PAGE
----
"Raleigh, what made you move to NYC? Why would you choose to work with Human trafficking abolition?" Believe it or not, I get this question all the time. If you are anything like me, you probably spend a good bit of time wondering what makes people tick, as well. You think to yourself, "why do they do what they do or why did they choose that particular career path over another possibly more logical choice?" Why would an 18th century English parliamentarian risk his political equity by seeking an end to the "socially accepted" slave trade in England? Why would a person leave a promising law career in NYC to work with a struggling non profit organization? What do you need to be properly motivated to live a life of justice?

To inspire NYC pastors to encourage their churches to fight human trafficking, we hosted a showing of the film "Sex and Money."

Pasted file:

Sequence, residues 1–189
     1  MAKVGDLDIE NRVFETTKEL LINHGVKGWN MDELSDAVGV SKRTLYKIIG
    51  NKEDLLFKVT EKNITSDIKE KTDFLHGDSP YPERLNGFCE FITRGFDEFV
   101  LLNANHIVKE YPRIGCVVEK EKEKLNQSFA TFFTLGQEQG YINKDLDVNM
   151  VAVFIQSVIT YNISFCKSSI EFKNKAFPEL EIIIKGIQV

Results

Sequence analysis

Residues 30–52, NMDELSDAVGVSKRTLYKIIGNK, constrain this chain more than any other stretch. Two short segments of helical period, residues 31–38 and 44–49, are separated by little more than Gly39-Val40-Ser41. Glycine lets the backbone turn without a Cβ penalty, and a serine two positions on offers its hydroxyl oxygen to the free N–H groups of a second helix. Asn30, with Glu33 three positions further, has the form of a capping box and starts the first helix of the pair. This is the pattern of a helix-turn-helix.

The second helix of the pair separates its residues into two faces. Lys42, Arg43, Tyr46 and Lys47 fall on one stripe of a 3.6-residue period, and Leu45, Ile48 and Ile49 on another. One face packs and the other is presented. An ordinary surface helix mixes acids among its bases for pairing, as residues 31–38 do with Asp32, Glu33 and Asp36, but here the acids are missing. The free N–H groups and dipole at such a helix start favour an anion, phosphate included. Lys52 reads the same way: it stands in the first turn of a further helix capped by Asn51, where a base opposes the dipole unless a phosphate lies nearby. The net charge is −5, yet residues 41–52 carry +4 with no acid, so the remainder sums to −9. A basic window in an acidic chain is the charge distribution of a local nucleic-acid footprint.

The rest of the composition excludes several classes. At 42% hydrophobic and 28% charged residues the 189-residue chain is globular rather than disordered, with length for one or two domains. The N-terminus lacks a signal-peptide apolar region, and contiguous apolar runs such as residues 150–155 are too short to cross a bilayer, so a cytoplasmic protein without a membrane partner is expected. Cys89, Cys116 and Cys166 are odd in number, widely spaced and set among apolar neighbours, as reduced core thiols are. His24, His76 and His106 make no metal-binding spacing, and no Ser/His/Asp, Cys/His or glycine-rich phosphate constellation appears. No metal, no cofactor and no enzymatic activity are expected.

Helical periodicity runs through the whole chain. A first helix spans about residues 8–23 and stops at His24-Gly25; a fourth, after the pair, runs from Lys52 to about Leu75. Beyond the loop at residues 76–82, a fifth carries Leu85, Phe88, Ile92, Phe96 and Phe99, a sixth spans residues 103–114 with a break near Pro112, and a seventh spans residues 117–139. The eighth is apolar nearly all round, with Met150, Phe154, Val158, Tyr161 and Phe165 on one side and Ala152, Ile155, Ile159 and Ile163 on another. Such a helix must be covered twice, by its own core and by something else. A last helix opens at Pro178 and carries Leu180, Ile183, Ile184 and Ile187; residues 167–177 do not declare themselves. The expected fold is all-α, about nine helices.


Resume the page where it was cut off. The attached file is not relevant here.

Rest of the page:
For the Christian, two motivations will stand head and shoulders above the rest; namely, the character of God and the Gospel of Jesus Christ. From cover to cover, you can easily see the theme  of God working through his people to bring justice to the world especially to the orphan, the widow, the refugee, and the poor.  This group of four is mentioned repeatedly in scripture. God's love for the weak and vulnerable stems from his character. Of the many passages that speak of the justice of God, one text in particular speaks of God's heart for this population. In Deuteronomy 10:16-19, the reader discovers that because God is "the great, the mighty, and the awesome God, who is not partial and takes no bribe (all attributes of his character)... He executes justice for the fatherless and the widow, and loves the sojourner, giving him food and clothing." In verse 19, God pleas with his people to do the same. This passage is written in such a way that as the believer reflects on the character of God, he or she will be driven to respond in a similar fashion. Greg Beale explains this concept in his book, We Become What We Worship. His basic point is that “what people revere, they resemble, either for ruin or for restoration.” Ergo if we worship the God of justice, then we should naturally care for the things for which He cares, like the widow, the orphan, the refugee, and the poor. Jimmy Lee, the Executive Director of Restore NYC, reminded a group of pastors at an event called "Let My People Go, "that the scariest thing about human trafficking is that it's preying on the most vulnerable populations." These are those without a voice or an advocate. Through the light of scripture, we discover that though we may not actively care for the broken of society, God does. This love, grace, mercy, justice and overall goodness of God should be a motivation that drives all of his followers. Can this be said for you?

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